“The Promise” producers talk on Turkish propaganda campaign against the film

16:04, October 21

The first screening of “The Promise,” a movie about Armenian Genocide, took place at the Toronto International Film Festival on 11th of September. The film crew, Oscar-winning director Terry George, actors Christian Bale, Oscar Isaac, and Charlotte Le Bon as well as famous musician Serj Tankian, gave many interviews to different publications since then, telling about Armenian Genocide in 1915, the aim of the film, the shooting process, casting etc.

Recently Variety has spoken to producers of the film to find out some details about the funding and difficulties that “The Promise” has faced since its premiere.

“This was personal for Kirk Kerkorian [a businessman of Armenian descent],” says Eric Esrailian. “He always wanted to make an epic film with the best actors available that wouldn’t just be a history lesson.”

And his vision wasn’t cheap. “The Promise,” cost nearly $100 million to make before tax breaks. Kerkorian provided all of the financing through Survival Pictures, a company he set up with Esrailian.

The film has yet to close a distribution deal. Esrailian thinks the subject matter may be scaring some buyers away. There’s a reason for that fear. Turkey continues to deny the systematic killings of Armenians.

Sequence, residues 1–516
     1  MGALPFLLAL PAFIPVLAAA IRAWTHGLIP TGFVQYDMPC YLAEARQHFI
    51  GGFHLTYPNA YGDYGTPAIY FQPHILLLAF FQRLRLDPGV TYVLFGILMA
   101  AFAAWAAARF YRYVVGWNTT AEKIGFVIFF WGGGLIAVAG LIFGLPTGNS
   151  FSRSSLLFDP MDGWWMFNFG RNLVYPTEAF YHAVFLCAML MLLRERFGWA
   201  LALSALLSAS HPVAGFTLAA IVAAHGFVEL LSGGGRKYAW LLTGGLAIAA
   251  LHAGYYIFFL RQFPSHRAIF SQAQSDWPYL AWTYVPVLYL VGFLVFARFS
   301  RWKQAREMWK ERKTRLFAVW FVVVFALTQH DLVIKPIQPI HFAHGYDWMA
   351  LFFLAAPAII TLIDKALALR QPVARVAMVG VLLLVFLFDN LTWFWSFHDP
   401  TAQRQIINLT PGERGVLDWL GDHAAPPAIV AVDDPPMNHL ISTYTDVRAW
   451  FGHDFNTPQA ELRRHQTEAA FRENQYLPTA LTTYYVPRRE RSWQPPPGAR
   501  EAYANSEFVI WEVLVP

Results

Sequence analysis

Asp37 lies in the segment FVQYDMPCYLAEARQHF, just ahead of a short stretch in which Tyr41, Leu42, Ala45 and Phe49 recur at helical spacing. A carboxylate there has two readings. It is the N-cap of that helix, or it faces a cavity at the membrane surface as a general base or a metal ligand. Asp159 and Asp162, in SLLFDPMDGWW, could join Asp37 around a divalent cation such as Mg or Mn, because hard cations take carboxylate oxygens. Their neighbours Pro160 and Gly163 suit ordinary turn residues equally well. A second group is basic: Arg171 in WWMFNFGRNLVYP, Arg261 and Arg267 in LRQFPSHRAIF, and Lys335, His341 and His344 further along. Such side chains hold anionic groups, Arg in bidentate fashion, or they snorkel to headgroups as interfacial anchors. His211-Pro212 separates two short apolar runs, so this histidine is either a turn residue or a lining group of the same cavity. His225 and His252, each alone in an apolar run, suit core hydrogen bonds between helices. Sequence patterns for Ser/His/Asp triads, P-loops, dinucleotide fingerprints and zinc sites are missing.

“I’ll just say that there are some studios that have business interests in Turkey, and you can form your own opinion,” says Esrailian.

There is another problem too – the evident propaganda campaign to discredit “The Promise.” The film’s IMDb page has received more than 86,000 user votes, the bulk of them one-star ratings, despite the fact that the movie has had only three public screenings.

“The day after we screened the movie, 70,000 people went on IMDb and said they didn’t like the movie,” says Mike Medavoy. “There’s no way that many people saw the movie after one screening. There aren’t that many seats in the theater. ”

“The Promise” centers on a love triangle involving a medical student (Isaac), a journalist (Bale), and the Armenian woman (Charlotte Le Bon) who steals their hearts. All three find themselves grappling with the Ottomans’ decision to begin slaughtering Armenians.

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